Do different beetle trophic groups recover after logging the same way?

Nicholas M. Fountain-Jones, Gregory J. Jordan, Christopher Burridge, Timothy J. Wardlaw, Thomas P. Baker, Lynette Forster, Morgana Petersfield and Susan C. Baker

Beetles are not only the most species rich group of animals, but are also very diverse in function, ranging from predators and parasites to herbivores and decomposers breaking down plant material. In forest litter, beetle predators and decomposers often occupy the same patch of habitat, but how each community’s functional traits (traits of a species that can be linked to their ecological roles) respond and recover after disturbance is poorly known. Understanding to what extent functional traits of co-occuring trophic groups are constrained by evolutionary relationships (i.e., do beetles with long antennae have long antennae because their ancestors did?) can provide insights into the mechanisms of how communities assemble and recover.

We compared the functional traits and phylogenetic data (relatedness) for 133 beetle species (60 predators and 73 decomposers) from forest sites ~7 years, ~27 years and ~45 years after logging, and in neighbouring mature forest plots. We found that functional trait composition of predator communities had recovered to mature forest values after ~45 years, and this was before the communities contained even most of the species characteristic of mature forest. In contrast, for decomposers, neither species nor functional traits had recovered to mature forest values by this time. Not only were the patterns of recovery different between the trophic groups, the traits that responded to forest age, and the extent to which these traits were constrained by evolution, varied as well. For decomposers, for example, beetles were on average darker in color in ~45 year-old forest than in ~7 year-old forests, yet this trait did not differ for predators. Predator traits were also more constrained by evolutionary history compared to the decomposers. This study demonstrates that recovery patterns after logging can vary with trophic group even for the same group of animals. Furthermore, incoporating functional trait and phylogenetic data can help better understand the mechanisms underpinning these complex but diverse communities.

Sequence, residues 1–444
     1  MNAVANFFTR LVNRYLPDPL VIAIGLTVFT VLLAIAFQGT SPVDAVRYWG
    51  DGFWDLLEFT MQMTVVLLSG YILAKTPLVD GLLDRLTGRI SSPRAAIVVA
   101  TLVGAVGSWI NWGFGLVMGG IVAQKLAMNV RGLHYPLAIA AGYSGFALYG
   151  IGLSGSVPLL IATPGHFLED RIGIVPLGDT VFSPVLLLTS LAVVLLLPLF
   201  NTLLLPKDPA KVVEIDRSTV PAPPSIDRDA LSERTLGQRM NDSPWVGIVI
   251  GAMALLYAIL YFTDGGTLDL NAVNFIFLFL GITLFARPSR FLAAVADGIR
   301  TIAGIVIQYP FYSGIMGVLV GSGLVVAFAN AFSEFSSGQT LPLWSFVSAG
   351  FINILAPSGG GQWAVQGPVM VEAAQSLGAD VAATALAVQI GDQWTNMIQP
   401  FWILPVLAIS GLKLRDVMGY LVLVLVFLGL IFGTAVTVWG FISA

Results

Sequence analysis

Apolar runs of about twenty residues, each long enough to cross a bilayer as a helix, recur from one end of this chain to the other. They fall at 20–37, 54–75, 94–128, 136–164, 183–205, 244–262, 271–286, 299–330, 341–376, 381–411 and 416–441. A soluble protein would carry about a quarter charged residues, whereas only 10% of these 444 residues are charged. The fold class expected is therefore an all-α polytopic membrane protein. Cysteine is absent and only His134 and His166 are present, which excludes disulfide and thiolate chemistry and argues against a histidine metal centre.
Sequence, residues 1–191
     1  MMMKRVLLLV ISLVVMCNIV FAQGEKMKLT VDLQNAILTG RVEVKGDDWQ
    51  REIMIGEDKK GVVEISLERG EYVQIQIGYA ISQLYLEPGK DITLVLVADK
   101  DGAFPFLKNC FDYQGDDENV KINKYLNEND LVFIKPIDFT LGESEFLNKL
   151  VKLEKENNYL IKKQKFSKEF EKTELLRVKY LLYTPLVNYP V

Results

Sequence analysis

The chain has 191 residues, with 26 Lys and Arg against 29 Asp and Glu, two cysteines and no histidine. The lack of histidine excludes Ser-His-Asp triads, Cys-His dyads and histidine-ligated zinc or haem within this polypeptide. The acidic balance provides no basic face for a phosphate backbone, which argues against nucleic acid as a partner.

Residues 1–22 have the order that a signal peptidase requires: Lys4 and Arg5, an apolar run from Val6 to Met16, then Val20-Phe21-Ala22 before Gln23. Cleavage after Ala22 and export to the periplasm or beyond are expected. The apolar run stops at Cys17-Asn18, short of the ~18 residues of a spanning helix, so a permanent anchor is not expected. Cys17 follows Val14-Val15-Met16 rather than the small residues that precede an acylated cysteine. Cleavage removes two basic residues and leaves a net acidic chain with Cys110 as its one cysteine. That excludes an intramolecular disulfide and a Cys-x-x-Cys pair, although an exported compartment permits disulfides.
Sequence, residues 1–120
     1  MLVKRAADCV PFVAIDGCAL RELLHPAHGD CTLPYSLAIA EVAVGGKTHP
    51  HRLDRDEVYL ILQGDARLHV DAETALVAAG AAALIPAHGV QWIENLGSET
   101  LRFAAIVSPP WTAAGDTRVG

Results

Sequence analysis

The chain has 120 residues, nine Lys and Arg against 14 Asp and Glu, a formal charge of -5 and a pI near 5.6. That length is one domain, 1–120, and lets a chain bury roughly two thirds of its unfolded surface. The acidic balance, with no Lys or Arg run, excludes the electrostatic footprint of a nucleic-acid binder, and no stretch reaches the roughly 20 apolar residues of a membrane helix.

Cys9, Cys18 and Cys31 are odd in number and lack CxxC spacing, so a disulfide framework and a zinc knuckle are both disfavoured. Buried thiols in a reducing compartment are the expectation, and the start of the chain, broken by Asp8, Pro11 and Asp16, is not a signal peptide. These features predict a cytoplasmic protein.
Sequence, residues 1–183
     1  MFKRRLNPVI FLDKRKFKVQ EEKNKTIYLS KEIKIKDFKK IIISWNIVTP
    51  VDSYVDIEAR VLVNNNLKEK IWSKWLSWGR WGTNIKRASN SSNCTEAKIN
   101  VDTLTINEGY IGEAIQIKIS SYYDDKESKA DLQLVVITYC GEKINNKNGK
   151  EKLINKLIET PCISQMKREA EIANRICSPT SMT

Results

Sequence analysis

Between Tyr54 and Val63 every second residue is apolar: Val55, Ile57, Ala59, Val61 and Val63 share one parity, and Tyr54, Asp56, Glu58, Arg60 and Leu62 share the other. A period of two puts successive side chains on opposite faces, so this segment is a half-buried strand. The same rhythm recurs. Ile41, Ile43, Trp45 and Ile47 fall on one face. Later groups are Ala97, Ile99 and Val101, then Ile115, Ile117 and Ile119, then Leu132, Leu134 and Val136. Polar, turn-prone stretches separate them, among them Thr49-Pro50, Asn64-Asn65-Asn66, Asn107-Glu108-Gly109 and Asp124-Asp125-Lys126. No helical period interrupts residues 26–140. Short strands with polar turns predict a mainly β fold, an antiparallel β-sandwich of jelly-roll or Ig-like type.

Image caption: Image provided by authors.
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